I’ve been debating writing this post since the weekend. It isn’t my usual type of post. Three events occurred in the last week to prompt this. I’ll get to those at the end.
Here is my hypothesis: reason and faith are both solid foundations from which to make arguments. Reason can be informed by faith. Faith can be supported by reason. If either holds water they should both come to the same conclusions.
The reason the argument needs to be made is that there seems to be a tendency to have an argument immediately discarded if it contains any mention of faith.
The Canadian Charter of Rights and Freedoms lists as its first fundamental freedom: The Freedom of conscience and religion. People are supportive of these rights and freedoms, but it seems that most want the freedom of conscience and religion to be treated like sex. So long as it happens in the privacy of your home, doesn’t effect me and no people or animals are harmed as a result, I’m fine not hearing about it.
That really isn’t how religion works in practice. While it may or may not be visible it informs all aspects of life both public and private. Certainly it impacts moral and ethical decisions that get made by the faithful.
There are two big arguments against my hypothesis. The first is that there is not an equivalency between faith and reason. The second is the the plenitude of conflicting faiths so they cannot all be valid bases for argument.
I’d argue that arguments cannot be made without both. No one can argue from a position of complete knowledge so that in some fashion there must be an element of faith. Perhaps it isn’t faith in the teaching contained in the Bible or the Koran, but it might be faith in the freedoms outlined in the Canadian Charter of Human Rights and Freedoms. All three bear a common genesis in being documents written by people for the benefit of people and society.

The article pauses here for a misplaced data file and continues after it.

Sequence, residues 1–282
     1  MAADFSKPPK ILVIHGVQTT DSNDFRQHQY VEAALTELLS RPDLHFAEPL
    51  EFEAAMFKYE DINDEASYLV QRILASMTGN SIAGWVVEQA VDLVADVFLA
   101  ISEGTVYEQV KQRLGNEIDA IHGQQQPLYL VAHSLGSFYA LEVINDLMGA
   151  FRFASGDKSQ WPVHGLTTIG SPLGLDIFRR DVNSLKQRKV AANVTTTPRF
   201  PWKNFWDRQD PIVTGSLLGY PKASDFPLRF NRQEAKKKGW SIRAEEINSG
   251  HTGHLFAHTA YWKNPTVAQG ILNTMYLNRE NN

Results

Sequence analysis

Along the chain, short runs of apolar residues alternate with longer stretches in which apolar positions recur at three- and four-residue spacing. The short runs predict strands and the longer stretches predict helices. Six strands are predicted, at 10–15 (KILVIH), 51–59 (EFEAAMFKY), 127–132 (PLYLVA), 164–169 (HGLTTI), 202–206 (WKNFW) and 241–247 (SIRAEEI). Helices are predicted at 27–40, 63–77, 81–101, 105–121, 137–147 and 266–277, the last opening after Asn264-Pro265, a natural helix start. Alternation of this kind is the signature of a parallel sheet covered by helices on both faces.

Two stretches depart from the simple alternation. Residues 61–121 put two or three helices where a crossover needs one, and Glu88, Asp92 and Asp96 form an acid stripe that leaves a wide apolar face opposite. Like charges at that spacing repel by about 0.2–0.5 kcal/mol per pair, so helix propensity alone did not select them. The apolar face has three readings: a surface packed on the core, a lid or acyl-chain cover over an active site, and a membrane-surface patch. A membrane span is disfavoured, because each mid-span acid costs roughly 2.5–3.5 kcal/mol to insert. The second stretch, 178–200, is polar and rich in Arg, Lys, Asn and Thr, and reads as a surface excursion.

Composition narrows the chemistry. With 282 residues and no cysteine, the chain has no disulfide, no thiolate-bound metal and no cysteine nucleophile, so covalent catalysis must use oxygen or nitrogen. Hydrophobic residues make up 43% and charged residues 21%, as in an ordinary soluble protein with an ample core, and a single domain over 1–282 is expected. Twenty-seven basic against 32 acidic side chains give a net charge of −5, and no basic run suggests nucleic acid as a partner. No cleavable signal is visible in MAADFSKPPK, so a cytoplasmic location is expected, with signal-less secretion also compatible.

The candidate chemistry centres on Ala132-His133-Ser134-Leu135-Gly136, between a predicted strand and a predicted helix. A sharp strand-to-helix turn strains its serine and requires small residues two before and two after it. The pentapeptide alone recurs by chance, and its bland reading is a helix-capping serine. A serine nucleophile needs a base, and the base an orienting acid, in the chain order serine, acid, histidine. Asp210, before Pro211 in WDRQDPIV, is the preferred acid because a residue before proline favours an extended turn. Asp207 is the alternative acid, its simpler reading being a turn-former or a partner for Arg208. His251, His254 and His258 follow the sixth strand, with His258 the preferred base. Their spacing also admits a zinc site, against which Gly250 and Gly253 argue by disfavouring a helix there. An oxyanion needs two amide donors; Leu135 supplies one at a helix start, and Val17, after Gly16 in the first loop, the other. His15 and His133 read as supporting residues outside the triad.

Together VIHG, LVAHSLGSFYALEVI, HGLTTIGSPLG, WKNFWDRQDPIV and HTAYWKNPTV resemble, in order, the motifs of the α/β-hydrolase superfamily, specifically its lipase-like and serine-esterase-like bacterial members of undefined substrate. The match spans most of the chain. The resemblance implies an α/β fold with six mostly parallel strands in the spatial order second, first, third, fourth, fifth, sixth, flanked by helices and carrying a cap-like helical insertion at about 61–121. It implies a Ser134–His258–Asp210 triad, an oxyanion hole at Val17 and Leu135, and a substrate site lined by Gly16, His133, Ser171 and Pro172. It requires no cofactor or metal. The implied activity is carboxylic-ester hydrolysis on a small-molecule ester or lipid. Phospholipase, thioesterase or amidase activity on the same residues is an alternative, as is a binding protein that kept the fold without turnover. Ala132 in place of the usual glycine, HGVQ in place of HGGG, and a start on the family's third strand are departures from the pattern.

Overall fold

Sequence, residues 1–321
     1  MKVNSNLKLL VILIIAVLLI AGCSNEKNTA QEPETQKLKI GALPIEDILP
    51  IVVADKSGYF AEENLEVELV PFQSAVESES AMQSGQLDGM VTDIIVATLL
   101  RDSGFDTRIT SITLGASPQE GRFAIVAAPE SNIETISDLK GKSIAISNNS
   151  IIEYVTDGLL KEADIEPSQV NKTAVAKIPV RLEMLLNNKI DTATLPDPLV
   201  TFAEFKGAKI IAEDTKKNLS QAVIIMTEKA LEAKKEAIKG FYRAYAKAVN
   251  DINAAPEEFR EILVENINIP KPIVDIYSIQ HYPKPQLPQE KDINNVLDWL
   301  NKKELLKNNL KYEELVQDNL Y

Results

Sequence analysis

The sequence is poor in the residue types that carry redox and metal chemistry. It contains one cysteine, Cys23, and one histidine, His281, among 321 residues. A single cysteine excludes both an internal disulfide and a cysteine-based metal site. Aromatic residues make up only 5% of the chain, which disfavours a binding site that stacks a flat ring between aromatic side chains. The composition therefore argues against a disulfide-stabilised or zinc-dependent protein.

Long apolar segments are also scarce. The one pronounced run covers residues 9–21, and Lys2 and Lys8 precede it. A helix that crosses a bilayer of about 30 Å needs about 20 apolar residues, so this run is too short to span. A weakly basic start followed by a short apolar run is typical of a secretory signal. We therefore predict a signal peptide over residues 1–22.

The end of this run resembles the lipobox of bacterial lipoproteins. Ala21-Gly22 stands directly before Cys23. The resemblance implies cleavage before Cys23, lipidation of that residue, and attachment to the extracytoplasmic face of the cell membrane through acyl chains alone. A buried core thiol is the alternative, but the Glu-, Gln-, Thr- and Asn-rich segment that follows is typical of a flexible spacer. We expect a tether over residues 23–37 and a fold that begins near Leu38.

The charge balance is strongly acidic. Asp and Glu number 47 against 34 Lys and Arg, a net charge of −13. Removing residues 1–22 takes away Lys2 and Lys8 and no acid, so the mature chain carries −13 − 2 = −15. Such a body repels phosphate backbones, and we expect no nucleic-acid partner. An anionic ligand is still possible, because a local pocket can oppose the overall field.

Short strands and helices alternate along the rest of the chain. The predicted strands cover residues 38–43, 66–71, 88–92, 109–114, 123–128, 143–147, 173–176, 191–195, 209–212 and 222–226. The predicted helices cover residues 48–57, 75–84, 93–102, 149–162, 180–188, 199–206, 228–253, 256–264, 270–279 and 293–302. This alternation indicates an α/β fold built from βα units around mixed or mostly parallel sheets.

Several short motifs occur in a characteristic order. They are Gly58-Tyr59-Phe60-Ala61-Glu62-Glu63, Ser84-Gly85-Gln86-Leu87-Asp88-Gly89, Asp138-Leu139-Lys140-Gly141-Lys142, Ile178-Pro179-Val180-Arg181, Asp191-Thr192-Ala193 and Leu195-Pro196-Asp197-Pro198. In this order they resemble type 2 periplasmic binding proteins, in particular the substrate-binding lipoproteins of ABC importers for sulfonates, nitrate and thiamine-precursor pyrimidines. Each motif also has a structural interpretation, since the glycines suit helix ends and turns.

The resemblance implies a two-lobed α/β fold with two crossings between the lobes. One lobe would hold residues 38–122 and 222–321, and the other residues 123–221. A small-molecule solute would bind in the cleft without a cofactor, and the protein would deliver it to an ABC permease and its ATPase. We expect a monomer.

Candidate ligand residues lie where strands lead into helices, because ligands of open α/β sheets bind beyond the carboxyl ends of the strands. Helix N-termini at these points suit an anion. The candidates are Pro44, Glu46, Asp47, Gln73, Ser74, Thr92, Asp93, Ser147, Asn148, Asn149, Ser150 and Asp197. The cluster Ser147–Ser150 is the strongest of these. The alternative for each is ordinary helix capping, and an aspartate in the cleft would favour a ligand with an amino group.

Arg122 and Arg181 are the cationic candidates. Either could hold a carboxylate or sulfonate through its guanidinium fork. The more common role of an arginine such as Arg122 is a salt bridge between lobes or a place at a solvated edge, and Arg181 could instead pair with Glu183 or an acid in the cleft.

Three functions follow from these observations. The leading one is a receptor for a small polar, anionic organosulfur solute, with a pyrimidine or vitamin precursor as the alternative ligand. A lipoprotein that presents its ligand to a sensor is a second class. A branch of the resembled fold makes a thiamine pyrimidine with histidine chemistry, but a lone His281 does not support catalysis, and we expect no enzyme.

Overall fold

(They can all also be said to contain contradictory statements that require experts to explain.)
Regardless it isn’t truly possible to make an arguments of reason without an element of faith. The same is true the other way around. This interrelationship between the two proves their equivalency for me.
The second question is which faith is it valid to make arguments from? They cannot all be valid. Obviously I have my preferences, but I’d state here that a personal faith supported by reason should be acceptable.
Although the origins, creation stories, books of teachings, view of the afterlife, etc. are generally quite different, the general teaching of most faiths on building a strong, stable, supportive society are quite similar. Supporting this point through example is beyond the scope of this post. So I’ll leave myself open to attack on this point.
The immediate dismissal of such arguments is disturbing and unfair. It would be OK if people would engage and find points where there is no support by reason or where statements are in contradictory positions, or any other logical fallacy is present in the argument.
(Which reminds me – I’ve been meaning to post this poster about logical fallacies for a while.)
But instead it is simply dismissed and often then followed by an ad hominem attack on the arguer and on religion and on their faith in general. Two of the incidents that prompted this post were of exactly this nature. What really surprised me was the vehemence and vitriol in the attacks. In one case, the person was told to leave the country if they wanted to make arguments supported by faith – to move a a theocratic state. In the other, it was far more vicious. When the arguer was called a moron – that was mild. It culminated with saying that the arguer was being punished by their god when they had experienced a specific tragedy in their life because they had faith.
(In the second case, the person was making a controversial point on Facebook on another person’s wall. I think getting an attack should be expected, but both the hatred evident in the attacks and a complete unwillingness the have any civil discourse at all surprised me.)
The third item prompting this is comments that the Edmonton Archbishop Richard Smith made yesterday in support of a pastoral letter from the Canadian Conference of Catholic Bishops. From the letter:
““Legitimate secularity draws a distinction between religion and politics, between Church and state,” the pastoral letter states, but is open to the engagement of religious beliefs and faith communities in public debate and civic life. “Radical secularism”, however, excludes religion from the public square “and from freely engaging in the public debate necessary for shaping civic life.”
I always like to include people who can state heir ideas more clearly than I at the end of any post.
So – good luck to you all. Hopefully we can all make reasonable arguments based on faith if required.